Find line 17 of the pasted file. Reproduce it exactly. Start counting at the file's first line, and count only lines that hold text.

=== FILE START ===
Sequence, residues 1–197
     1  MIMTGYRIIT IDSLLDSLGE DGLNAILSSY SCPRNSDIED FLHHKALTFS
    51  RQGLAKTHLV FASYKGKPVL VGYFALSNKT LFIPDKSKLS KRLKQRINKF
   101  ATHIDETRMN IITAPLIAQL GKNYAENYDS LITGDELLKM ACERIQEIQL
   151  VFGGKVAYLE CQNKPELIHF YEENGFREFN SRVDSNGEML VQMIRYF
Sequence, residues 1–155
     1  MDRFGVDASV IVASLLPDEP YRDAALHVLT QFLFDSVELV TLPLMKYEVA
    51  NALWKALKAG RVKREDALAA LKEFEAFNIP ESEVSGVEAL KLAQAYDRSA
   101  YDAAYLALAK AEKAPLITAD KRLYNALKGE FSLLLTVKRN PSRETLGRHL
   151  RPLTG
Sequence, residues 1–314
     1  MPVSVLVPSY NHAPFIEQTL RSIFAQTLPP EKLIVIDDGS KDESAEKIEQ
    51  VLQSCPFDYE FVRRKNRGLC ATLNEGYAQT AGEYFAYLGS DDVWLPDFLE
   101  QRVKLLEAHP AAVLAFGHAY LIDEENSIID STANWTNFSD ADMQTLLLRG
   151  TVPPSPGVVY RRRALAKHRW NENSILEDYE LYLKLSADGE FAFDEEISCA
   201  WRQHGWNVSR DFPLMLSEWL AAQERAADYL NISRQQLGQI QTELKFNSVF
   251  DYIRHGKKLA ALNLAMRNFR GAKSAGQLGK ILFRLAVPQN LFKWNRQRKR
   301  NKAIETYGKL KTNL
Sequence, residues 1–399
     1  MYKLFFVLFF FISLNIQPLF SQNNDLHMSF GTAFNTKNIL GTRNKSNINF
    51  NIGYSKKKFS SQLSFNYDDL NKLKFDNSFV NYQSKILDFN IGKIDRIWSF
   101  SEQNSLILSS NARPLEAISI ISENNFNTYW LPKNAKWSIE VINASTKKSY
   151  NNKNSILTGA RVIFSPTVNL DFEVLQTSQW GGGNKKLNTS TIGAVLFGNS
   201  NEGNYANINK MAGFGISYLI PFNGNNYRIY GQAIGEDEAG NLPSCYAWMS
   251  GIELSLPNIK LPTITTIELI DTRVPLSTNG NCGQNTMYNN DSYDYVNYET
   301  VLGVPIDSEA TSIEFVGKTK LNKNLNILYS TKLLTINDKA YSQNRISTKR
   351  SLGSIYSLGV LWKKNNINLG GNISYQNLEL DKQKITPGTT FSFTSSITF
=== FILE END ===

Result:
   251  DYIRHGKKLA ALNLAMRNFR GAKSAGQLGK ILFRLAVPQN LFKWNRQRKR